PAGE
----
YouTube Coerces Video Creators into Signing its New Subscription Deal





Nobody likes ads on YouTube, but would people actually pay to avoid them? Video creators who split advertising royalties with YouTube would certainly be hoping so after the company unveiled YouTube Red, its new subscription service.

For $9.99 a month, subscribers will be able to enjoy an ad-free YouTube experience. They will also be able to save videos to watch offline, play music in the background and access Google’s existing music service, Google Play Music.

To sweeten the deal further, subscribers will get exclusive access to original content, which puts YouTube Red in the same category as Netflix.



Leaving No Choice

For video creators and entrepreneurs dependent on YouTube ad revenue, there are essentially two choices now:

  • Sign the deal.
  • Have your content hidden from public view on both the ad-supported and ad-free versions.

It is this coercion that has not gone down well with many people. Many users took to Twitter to react to the news and express their disappointment.

On its part, YouTube says it’s prioritizing its partners. At the YouTube Red launch event, Chief Business Officer, Robert Kyncl said the company will pay out “the vast, vast majority of revenue” to creators. Although, he didn’t share the details of what the percentage will be.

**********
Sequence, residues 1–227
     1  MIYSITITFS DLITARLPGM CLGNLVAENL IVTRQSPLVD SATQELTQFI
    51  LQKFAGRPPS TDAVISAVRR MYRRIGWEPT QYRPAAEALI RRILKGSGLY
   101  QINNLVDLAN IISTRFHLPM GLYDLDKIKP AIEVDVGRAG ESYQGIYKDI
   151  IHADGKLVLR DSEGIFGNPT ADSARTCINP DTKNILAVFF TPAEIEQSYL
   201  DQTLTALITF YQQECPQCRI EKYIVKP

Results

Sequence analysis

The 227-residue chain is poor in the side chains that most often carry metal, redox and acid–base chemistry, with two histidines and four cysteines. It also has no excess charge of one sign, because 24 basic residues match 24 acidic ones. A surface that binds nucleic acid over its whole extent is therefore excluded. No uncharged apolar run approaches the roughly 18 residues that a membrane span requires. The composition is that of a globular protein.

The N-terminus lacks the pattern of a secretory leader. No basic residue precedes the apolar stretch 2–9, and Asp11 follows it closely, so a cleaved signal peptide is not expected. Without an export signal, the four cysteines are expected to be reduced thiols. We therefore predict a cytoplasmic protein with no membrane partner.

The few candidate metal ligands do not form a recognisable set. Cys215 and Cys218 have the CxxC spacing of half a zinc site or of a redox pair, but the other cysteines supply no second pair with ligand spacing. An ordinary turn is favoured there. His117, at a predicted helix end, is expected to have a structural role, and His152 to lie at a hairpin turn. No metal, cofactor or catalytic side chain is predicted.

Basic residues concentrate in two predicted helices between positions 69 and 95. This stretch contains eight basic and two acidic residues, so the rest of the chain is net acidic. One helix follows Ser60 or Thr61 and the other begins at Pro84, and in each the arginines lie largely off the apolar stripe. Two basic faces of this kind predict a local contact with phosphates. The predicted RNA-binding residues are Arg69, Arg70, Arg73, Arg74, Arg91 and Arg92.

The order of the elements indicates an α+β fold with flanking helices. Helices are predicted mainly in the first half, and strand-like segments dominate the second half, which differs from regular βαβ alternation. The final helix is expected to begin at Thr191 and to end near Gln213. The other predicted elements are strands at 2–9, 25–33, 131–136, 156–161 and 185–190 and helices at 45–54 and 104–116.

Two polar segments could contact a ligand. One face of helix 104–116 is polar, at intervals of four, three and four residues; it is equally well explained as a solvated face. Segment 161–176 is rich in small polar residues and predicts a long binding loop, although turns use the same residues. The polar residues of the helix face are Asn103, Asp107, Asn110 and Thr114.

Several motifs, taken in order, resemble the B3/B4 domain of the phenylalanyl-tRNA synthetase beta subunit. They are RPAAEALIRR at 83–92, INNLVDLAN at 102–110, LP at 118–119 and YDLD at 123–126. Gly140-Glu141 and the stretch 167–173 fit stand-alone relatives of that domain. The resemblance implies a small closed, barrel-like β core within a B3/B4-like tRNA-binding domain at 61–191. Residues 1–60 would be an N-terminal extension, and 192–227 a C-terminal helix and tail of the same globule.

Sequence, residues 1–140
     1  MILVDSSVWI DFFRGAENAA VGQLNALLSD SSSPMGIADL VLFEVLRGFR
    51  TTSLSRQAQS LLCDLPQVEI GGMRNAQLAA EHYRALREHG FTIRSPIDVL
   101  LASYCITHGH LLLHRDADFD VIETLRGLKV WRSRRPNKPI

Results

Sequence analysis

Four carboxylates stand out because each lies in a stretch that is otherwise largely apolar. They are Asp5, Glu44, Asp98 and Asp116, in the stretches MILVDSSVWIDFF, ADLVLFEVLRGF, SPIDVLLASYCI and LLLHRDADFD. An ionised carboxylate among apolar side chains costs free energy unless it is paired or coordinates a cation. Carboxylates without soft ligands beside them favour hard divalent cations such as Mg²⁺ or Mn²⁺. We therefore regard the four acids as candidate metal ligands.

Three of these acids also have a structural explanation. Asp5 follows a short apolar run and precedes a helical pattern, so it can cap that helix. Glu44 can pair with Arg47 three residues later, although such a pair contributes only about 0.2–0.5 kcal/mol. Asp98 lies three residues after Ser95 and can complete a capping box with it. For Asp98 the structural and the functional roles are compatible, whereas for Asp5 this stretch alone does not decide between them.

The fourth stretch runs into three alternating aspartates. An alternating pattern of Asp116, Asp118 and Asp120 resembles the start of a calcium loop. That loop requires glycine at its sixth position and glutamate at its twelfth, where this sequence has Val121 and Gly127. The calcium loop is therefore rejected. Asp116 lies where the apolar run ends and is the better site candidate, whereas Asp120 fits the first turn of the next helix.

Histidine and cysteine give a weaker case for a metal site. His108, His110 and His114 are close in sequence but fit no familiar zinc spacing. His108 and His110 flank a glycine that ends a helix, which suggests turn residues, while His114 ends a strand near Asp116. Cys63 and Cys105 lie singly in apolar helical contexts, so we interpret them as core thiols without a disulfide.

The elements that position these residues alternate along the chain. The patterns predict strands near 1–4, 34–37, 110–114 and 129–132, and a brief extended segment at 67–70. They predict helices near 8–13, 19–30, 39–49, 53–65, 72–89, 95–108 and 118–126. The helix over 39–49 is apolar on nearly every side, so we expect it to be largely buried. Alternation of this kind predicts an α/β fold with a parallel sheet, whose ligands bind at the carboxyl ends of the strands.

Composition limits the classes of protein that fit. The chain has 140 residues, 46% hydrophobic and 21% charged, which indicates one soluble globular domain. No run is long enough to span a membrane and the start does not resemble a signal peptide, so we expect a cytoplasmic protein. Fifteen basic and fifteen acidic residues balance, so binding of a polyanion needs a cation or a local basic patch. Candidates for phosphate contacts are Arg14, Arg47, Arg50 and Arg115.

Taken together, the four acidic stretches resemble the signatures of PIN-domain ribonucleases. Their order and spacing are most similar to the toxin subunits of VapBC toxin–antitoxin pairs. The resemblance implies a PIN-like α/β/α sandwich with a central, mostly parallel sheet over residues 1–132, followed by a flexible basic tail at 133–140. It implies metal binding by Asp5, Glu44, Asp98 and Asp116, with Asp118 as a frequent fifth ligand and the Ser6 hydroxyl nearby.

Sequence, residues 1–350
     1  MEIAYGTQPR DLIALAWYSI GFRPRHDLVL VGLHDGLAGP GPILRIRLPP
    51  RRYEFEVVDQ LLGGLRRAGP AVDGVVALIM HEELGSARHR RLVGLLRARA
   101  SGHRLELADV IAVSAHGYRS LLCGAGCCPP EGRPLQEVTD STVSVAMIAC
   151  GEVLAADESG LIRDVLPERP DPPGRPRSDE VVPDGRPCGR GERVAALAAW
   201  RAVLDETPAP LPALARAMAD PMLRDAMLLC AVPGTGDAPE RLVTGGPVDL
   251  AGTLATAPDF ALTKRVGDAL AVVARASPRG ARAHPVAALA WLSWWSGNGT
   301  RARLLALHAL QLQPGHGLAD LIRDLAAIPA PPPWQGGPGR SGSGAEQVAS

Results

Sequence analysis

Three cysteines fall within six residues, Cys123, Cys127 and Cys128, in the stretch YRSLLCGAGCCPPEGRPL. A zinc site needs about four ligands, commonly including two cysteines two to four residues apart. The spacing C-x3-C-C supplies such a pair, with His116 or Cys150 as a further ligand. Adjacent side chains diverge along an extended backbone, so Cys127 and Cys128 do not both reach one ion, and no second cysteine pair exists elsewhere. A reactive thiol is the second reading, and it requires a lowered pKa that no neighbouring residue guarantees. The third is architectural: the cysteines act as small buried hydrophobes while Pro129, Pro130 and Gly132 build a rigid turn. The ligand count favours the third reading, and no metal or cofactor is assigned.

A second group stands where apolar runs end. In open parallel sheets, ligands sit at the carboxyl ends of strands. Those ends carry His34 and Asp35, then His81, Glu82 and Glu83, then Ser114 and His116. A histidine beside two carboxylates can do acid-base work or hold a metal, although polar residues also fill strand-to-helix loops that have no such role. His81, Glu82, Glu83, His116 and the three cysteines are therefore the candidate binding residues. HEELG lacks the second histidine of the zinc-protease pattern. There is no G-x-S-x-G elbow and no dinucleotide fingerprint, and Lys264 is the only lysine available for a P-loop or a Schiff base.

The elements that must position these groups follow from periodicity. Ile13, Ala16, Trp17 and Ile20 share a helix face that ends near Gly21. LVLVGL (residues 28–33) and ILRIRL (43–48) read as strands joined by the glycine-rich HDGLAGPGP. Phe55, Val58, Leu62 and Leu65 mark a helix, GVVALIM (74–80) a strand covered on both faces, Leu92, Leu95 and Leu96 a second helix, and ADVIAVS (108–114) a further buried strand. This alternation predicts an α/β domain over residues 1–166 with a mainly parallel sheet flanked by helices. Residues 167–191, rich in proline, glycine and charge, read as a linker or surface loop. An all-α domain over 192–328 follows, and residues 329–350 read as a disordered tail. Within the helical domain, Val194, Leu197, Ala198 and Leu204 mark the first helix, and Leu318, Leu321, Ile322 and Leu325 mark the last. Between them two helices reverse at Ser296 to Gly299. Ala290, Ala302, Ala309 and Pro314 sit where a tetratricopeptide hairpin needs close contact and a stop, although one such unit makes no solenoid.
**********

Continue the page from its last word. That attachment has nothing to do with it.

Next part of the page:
On a Positive Note

YouTube Red will not affect users who upload videos without collecting any ad revenue. In other words, if you just use YouTube to post videos about your business, you don’t have to worry right now as nothing is changing.

Moreover, the new service will not impact YouTube’s existing content. So users will be able to watch as many videos as they like while dealing with the ads.

For video creators, too, the service may eventually prove financially more beneficial as it will convert fans into paid subscribers.

Advantage Facebook?

The timing of the launch is interesting for several reasons. To begin with, YouTube is facing some serious competition from new entrants like Vessel and old rivals like Vimeo.



Making matters worse for the company is Facebook’s growing interest in the video space. The social media giant has even started sharing video revenues with content creators.

On top of that, YouTube has still not managed to make profit. The website generated around $4 billion in revenue last year, but no profit.

Given the present situation, it is an ideal time for both Facebook and other video streaming websites to attract video creators and small businesses. It will be fascinating to watch their next move.

YouTube Mobile Photo via Shutterstock



2 Comments ▼

Shubhomita Bose


Shubhomita Bose Shubhomita Bose is a Staff Writer for Small Business Trends. She covers key studies and surveys about the small business market, along with general small business news. She draws on 8 years of experience in copywriting, marketing and communications, having worked extensively on creating content for small and medium sized enterprises.

2 Reactions

  1. Sorry but that doesn’t count as coercion. Youtube didn’t force them to do anything. They laid out their offer and the users can choose to accept or not.

    • Aira Bongco

      Had to agree. I think it is more of giving them a ‘take it or leave it’ offer. Coercion needs some form of force and does not require consent.

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